Mastering Talking About Your Books

These days most marketing takes place online, so if you're uncomfortable talking about yourself or your books it's easy to avoid it entirely. But potential readers you meet in person can become some of your biggest fans.

Also, not everyone spends time on social media. Some of your acquaintances may never come across your work if you don't tell them.

In person. Using your voice.

So how can you get comfortable talking about your books? And do it in a way that engages people?

Why Some Of Us Hesitate To Share

The idea of telling someone you just met—or even someone you’ve known a long time—about your novel or other writing can be intimidating.

You might be hesitant to “brag” about yourself. You might fear other people will say unkind things, that you’re boring your listener, or that you don’t deserve the attention.

Maybe you just don't like the spotlight or aren't sure what to say.

The best way to deal with these concerns is to prepare ahead of time.

On Not Being A Bore

We’ve all met that person at a party who corners us for what feels like forever to tell us everything we never wanted to know about fruit flies or the dangers of red dye or some other topic in which we have limited (or no) interest. 

Worse, that person never seems to pick up on cues such as attempts to change the conversation, repeated monosyllabic responses, or glazed eyes.

If you’re like me, your concern about not wanting to be that person can make you hesitate to say  anything about a book or books you’ve written.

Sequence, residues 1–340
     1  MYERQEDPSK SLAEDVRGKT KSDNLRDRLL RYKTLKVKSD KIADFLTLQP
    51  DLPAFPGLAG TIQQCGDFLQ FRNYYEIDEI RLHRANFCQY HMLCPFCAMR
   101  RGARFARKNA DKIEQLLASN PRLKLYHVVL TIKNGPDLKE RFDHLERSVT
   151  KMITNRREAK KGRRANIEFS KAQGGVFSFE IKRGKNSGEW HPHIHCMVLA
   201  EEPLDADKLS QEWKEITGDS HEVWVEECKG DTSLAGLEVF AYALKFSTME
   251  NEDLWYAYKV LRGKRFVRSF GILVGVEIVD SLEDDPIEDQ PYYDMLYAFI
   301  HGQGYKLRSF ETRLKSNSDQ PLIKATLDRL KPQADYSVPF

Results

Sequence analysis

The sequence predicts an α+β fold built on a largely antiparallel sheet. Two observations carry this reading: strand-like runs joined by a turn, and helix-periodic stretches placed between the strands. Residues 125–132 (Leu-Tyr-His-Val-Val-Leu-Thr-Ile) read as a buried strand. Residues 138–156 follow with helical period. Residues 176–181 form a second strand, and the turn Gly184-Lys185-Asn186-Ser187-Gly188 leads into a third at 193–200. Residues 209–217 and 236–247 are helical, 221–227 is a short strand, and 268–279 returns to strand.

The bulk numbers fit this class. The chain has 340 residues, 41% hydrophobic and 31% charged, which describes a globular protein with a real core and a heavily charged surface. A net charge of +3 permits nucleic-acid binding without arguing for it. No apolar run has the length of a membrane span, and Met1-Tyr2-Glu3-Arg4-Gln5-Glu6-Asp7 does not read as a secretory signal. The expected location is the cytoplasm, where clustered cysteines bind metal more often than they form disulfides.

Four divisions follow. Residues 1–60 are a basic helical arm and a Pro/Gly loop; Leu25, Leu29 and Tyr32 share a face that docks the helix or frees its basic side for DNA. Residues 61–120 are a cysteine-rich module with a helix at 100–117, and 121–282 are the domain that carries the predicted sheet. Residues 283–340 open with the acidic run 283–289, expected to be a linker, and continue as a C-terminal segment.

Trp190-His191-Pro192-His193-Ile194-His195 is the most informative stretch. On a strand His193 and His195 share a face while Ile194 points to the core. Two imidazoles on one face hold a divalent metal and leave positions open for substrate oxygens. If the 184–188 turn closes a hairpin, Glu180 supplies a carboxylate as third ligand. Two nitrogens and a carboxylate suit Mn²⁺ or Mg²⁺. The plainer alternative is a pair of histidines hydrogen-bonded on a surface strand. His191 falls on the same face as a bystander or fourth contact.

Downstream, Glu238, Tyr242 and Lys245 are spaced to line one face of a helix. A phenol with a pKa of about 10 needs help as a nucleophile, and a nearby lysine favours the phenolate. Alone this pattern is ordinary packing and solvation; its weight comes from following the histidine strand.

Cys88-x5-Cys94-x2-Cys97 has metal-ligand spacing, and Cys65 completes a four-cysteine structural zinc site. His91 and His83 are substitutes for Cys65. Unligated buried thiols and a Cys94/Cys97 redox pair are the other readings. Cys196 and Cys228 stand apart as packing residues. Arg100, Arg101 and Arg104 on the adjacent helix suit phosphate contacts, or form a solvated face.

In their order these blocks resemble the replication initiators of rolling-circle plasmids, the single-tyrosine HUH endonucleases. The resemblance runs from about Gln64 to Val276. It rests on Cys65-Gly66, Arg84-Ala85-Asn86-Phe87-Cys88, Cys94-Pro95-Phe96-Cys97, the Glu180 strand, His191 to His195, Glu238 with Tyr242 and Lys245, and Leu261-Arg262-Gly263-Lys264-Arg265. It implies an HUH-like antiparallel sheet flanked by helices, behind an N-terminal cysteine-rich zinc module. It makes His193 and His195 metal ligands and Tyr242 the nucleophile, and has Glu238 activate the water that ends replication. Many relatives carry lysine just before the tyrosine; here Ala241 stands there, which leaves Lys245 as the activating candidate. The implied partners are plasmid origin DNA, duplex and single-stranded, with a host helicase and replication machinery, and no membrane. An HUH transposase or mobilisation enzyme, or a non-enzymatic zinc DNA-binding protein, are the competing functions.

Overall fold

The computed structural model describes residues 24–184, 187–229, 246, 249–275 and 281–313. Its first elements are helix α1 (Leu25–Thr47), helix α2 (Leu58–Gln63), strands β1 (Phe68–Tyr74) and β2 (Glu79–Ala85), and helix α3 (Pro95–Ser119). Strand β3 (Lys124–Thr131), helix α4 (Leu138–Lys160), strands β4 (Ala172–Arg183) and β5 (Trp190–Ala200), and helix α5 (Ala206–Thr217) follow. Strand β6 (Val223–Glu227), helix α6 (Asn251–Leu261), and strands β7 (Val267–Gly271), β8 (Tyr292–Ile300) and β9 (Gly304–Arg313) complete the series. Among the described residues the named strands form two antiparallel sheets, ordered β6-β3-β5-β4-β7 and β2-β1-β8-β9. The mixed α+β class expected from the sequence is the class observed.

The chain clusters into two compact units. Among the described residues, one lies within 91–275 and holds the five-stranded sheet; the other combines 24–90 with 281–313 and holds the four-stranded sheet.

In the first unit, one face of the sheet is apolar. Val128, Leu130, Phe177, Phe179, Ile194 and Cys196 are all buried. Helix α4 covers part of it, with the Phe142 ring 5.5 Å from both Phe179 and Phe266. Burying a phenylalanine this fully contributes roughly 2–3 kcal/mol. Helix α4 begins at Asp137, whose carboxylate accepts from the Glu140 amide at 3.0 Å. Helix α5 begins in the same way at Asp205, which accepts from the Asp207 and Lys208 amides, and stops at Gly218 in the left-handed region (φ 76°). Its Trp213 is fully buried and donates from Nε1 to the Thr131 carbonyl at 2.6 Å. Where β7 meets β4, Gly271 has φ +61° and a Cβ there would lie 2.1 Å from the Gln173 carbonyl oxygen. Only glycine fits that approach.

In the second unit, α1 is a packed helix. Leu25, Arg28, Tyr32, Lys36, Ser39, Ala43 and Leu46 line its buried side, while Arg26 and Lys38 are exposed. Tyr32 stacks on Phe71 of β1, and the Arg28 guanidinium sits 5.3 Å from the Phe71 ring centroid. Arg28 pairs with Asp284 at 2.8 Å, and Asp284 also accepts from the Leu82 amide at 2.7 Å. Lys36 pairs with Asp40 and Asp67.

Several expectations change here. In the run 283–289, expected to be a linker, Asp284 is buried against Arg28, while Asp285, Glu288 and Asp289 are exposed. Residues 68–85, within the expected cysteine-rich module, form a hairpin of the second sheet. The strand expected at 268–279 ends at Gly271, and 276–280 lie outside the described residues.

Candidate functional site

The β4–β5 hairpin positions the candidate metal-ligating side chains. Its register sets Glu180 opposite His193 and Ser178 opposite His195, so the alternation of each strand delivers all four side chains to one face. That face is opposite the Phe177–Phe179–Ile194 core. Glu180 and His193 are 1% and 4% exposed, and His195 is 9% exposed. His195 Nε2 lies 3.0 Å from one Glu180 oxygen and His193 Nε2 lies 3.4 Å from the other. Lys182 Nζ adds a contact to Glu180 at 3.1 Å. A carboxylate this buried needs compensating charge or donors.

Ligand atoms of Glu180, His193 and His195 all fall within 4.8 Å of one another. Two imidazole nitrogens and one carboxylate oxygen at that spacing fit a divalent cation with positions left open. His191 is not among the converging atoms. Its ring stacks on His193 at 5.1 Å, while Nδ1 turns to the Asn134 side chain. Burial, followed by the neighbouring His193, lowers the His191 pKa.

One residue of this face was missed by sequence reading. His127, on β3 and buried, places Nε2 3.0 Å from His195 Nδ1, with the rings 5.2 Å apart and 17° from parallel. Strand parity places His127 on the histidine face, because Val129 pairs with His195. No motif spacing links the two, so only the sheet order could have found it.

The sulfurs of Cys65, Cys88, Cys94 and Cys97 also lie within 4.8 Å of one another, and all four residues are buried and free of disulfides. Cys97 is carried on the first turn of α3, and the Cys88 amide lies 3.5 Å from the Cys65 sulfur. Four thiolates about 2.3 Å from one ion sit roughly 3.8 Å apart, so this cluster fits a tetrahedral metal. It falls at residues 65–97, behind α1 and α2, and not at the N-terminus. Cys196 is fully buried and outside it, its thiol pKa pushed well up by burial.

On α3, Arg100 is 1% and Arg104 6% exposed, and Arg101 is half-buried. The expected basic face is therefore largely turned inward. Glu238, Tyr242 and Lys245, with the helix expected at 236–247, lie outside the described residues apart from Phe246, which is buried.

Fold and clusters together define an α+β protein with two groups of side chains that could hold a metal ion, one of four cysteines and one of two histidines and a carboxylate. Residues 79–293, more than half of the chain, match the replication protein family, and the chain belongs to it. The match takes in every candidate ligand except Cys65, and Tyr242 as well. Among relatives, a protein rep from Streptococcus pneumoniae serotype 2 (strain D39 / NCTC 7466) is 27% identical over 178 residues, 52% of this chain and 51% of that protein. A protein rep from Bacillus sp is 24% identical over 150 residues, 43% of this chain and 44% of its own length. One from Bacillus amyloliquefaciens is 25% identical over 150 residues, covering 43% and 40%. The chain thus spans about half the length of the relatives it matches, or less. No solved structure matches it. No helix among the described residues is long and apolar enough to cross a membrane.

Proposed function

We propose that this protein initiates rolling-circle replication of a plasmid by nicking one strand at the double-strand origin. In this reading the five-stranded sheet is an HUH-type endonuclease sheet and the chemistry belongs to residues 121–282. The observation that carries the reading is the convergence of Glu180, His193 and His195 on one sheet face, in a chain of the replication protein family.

So start out by resolving to pay attention to your listener.

If after you've described your book briefly (see below) and perhaps said a few words in follow up, your conversation partner is saying little more than “Uh-huh” or non-committal things like “Oh, how nice,” let the topic drop.

It may help you to get started to realize that….

Most People Will Be Excited To Hear You Wrote A Book

When I was about to publish The Awakening a colleague who is great at connecting people invited me to a networking event with other lawyers and businesspeople. She surprised me by always adding when she introduced me that I'd written a thriller.

Why?

Because half the people in the room were lawyers, and the other half were people the lawyers wanted to get business from. So every other person there started with something like, “My law practice focuses on small businesses…”

People were excited to hear I'd written a thriller because it was something different to talk about.

As a side benefit, I discovered they were more likely to remember me as a lawyer because I was the one who had written the book.

Unless you’re at a writers conference, odds are you'll be the only person in the room who's written or published a novel. And if you happen to run into someone else who has, that’s great. You'll have a ton to talk about.

As to friends and acquaintances, if they like to read they'll want to know you've written a book (or books). As long as you remember to ask about what they're doing as well and don't monopolize the conversation, they'll be happy to hear about your writing.

But if you don't have a colleague to introduce you, how do you mention your writing without it feeling forced?

Starting The Conversation

When I started publishing my books, I didn't feel comfortable introducing myself as a writer or novelist.

In my mind, I wasn’t a “real” writer because I didn’t make my living at it. Also, when I started out self-publishing was much less accepted than it is now. I felt like if I said I published my own work, they'd assume it must not be very good.